“Census data show that median family income instead grew by about $500 in the first year after the tax cuts, the smallest annual increase in five years,” Clemente and Rice said. “A close look at [the] Bureau of Labor Statistics figures shows that the growth rate in wages was just 0.4 percent in the two years since the tax cut. Compare that with wage growth of 0.7 percent in the last two years of President Obama’s administration.”

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Meanwhile, the wealthy scored big. “In 2018, owners of the elite group of non-corporate businesses that earned more than $1 million received nearly half the benefits from the part of the law touted as a small-business tax cut,” the report said.

Still, Trump intends to run his 2020 campaign touting his economic success. Clearly, that success was only isolated to a few.

Read the full editorial at The LA Times.

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‘Jarring’: PA Trump fans attack polls making so much noise poll workers couldn’t read instructions to voters

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One Pennsylvania polling place fell under a full out attack on those standing in line to vote and trying to cast a ballot on Saturday.

In a Twitter thread, Behavioral Economist Alex Imas explained that while he was casting his ballot on the outskirts of Philadelphia County, PA Saturday, a parade of semis and other cars surrounded the polling place, laying on their horns.

"I arrived just as polling place opened. Short line. Thought I'd be in and out in 20 minutes tops. Even w/ this short line, it took 2+ hours," he explained.

"Then the next Semi followed, then the 3rd," he continued. "A motorcade of semis, jeeps, and a few sedans drove down the road. All honking. All flying Trump 2020 flags. With people yelling out the window. This motorcade snaked around the polling place the entire time I was there (2 hrs)."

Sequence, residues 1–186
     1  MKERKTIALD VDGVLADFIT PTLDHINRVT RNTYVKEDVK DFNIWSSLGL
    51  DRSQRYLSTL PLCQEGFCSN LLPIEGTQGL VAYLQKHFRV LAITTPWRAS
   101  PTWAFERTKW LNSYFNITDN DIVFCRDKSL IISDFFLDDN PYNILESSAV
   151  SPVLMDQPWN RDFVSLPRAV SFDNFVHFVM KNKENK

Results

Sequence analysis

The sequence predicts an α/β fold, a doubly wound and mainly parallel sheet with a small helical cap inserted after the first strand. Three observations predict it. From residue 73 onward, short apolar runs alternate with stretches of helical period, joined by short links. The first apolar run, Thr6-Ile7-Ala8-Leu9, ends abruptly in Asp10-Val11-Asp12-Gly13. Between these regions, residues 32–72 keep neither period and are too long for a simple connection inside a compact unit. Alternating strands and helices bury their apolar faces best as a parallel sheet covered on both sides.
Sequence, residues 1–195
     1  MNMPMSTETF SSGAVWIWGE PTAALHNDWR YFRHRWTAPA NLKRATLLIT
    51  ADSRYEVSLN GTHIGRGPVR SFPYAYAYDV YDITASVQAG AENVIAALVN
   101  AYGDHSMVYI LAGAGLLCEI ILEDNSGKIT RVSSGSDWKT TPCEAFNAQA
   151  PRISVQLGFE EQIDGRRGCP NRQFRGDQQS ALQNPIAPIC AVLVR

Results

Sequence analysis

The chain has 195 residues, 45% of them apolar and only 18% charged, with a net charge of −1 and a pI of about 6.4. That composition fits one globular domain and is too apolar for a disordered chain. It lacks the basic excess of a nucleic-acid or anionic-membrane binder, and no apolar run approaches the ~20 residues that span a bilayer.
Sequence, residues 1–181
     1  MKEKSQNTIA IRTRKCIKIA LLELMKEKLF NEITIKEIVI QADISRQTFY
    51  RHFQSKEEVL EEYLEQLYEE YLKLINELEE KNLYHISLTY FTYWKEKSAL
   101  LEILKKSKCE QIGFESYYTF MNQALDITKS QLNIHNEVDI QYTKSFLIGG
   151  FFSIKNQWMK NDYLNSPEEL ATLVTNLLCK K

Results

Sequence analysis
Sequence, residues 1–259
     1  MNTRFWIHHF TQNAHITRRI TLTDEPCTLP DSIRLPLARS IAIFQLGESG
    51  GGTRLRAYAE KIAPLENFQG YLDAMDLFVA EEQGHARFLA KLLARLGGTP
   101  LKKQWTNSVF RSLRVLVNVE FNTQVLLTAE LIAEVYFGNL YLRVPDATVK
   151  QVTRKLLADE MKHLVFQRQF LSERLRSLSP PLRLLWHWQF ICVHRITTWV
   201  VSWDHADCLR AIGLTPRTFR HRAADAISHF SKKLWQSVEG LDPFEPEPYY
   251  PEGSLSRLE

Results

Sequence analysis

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Trump gives 9/11 first responders back the $3.3 million he took from health fund: GOP Congressman

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The Centers for Disease Control and Prevention told Rep. Peter King (R-NY) announced that the 9/11 first responders would get the $3.3 million back that President Donald Trump stole from the program that helped them with medical treatments.

Those at the Twin Towers site in the days following the terrorist attacks breathed in a series of toxic gasses and asbestosis, leading them to have a slew of health problems years later. A fund was set up to ensure that those heroes were always taken care of for the rest of their lives as they suffered through their final years.

“It’s a great victory for really deserving people,” King told the New York Daily News Saturday. "I mean this just never should have happened, but we fought hard, we got it done."

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Nuns at Trump rally appear uncomfortable reading their Bible as president runs over an hour late to event

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A group of three nuns appeared in the stands behind President Donald Trump's podium as they waited for him to arrive.

Trump was supposed to begin speaking at 4 p.m. in Circleville, Ohio, but as of 5 p.m. Trump hadn't yet arrived. Ohio was once considered a solidly red state when Trump won it with a margin of 8.13 percent. Trump is now only two to three points away from being beaten by Vice President Joe Biden in the state, according to polling averages.

The three sisters were seen waiting in the stands, crammed in with Trump voters in red shirts dancing and bouncing around. They looked uncomfortable and gathered instead to read their Bible together.